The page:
I notice that you do not cite any sources for the existence and activities of Mormon Danites, however after some research I think I can provide a reasonable answer to your questions.
It seems that the question of whether Mormon Danites actually committed any murders at all depends largely on whether you believe the evidence given by Mormon dissident, Dr Sampson Avard, at the trial of Joseph Smith following the 1838 Mormon War in Missouri.
There certainly seems to be very little evidence for activity by a Danite sect within the Mormon community after 1838. The Mormon Encyclopedia essentially states that claims of Danite activity after 1838 were based on Avard's account and simply
provided a ready explanation for anyone who wanted to believe the
In the 1870s, two former Mormons, Ann Eliza Young and Fanny Stenhouse wrote "exposés" of Mormonism. Both are available on Archive.org:
Ann Eliza Young - Wife No. 19, or The Story of a Life in Bondage ; Being a Complete Exposé of Mormonism, and Revealing the Sorrows, Sacrifices and Sufferings of Women in Polygamy
Fanny Stenhouse - Tell it All: The Story of a Life Experience in Mormonism
Both claimed that Danites were still active and discreetly murdering Mormon dissenters and outsiders who were seen to be a threat to Brigham Young. The problem with these accounts is that both rely entirely on hearsay and rumour, and that neither offered any evidence to support their claims. As an example, on page 170 of her book, Fanny Stenhouse reported a conversation she had had with a lady named Mary Burton. She records Mary Bruton's side of the conversation thus:
"... for I have heard from people who ought to know, that since the
Saints have been in Salt Lake Valley the same things have been done;
only now that speak of these men as "Danites" and "Avenging Angels."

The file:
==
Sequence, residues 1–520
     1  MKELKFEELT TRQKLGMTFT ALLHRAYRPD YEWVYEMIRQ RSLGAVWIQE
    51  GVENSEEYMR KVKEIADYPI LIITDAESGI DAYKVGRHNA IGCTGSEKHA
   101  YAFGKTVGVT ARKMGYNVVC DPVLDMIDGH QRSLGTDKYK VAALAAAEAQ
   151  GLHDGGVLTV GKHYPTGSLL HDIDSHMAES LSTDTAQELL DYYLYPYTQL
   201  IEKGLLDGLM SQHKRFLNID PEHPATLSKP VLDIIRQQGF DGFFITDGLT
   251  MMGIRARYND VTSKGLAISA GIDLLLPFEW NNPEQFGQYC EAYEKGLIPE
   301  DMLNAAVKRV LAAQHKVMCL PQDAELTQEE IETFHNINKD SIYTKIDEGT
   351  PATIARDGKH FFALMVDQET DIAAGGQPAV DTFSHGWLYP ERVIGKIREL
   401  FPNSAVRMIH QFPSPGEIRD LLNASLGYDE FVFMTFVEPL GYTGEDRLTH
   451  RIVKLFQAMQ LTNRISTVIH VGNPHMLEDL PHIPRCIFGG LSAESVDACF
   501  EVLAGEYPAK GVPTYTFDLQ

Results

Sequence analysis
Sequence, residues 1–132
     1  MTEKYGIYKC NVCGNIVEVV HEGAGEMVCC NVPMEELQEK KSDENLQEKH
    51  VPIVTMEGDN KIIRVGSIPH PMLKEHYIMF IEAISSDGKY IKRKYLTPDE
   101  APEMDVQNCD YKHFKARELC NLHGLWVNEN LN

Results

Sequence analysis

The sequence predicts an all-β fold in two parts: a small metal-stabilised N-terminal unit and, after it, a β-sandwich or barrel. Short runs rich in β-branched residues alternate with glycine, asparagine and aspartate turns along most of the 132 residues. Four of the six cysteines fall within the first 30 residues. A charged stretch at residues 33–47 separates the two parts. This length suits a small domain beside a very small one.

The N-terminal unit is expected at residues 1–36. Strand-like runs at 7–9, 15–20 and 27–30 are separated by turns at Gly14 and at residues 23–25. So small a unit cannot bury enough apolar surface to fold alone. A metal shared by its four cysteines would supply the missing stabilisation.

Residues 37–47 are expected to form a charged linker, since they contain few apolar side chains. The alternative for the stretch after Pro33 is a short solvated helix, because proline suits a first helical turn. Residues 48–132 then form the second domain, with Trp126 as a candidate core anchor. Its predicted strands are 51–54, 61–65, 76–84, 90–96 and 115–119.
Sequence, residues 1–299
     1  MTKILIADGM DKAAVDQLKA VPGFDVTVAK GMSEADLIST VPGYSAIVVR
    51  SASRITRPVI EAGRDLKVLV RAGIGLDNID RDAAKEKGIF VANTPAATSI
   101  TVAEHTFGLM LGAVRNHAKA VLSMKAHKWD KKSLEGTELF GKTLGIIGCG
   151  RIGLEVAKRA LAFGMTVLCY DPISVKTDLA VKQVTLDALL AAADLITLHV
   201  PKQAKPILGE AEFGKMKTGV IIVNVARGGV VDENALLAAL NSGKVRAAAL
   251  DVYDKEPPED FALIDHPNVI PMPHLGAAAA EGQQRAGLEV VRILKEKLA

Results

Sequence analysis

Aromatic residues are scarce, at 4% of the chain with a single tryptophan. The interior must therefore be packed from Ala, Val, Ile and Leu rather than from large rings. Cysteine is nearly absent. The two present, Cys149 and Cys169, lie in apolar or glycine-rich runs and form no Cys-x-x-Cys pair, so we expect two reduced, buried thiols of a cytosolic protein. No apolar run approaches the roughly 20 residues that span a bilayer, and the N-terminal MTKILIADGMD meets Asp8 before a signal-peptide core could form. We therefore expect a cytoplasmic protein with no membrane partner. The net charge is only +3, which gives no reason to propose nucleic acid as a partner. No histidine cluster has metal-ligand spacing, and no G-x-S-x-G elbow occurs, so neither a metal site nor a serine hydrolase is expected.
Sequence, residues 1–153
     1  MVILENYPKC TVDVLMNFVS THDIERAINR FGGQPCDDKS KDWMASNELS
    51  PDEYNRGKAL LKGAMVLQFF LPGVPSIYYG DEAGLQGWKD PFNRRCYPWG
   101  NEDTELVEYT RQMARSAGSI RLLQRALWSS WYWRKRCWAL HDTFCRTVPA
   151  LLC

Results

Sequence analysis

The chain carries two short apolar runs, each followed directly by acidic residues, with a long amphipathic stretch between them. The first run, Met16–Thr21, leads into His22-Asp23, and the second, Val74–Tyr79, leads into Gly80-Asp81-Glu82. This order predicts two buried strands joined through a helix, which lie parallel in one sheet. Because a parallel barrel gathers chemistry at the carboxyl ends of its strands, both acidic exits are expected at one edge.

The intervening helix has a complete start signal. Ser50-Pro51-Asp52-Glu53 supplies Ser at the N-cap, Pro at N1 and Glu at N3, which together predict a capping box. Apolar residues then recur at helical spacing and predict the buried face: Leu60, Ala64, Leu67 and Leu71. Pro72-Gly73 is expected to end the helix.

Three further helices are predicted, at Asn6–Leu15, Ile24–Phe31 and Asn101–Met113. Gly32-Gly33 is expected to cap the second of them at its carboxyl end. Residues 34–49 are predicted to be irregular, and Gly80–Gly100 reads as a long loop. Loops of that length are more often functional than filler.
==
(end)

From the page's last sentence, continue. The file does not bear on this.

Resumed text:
People say that those who are dissatisfied and want to leave Zion,
almost always are killed after they set out, by the indians,
and they dare not say boldly who they believe those "Indians" are.
The too one lady told me that she had heard from her sister that not
only were apostates killed in a mysterious way by Indians or some one
else, but that many people were "missing," or else found murdered, who
were only suspected of being very weak in the faith"
Despite the claims of Danite activities in her book, Ann Eliza Young did observe that:
Joseph Smith always denied that he had in any way authorised the
formation of the Danite bands; and, in fact, in public he repeatedly
repudiated both them and their deeds of violence.
Although hardly authoritative, the Wikipedia page notes that:
Not a single "murder" was reported during that time to support these
allegations, not to mention evidences which would support allegations
of multiple homicides.
To date, both LDS and non-LDS researchers have failed to produce any
evidence providing (even remotely) the support of such claims, leading
to the position among scholars of Mormon history that the claims of
Ms. Young and Ms. Stenhouse were wrong.
One of the more notorious incidents claimed to be the work of "Danite bands" was the 1857 Mountain Meadows Massacre. John D Lee was arrested and tried for leading the massacre. Although he never denied his own complicity in the massacre, Lee claimed he had not personally killed anyone. In court he claimed that he had been a reluctant participant and was later used as a scapegoat to draw attention away from other Mormon leaders who had been involved.
Throughout two trials (first in 1874 (which ended inconclusively with a hung jury) and then in 1877 where Lee was convicted), Lee maintained that Brigham Young had no knowledge of the event until after it happened.
Now, in the book The Life and Confessions of the late Mormon bishop, John D. Lee, published after his execution by firing squad at Mountain Meadows on March 23, 1877, Lee (or an editor) wrote: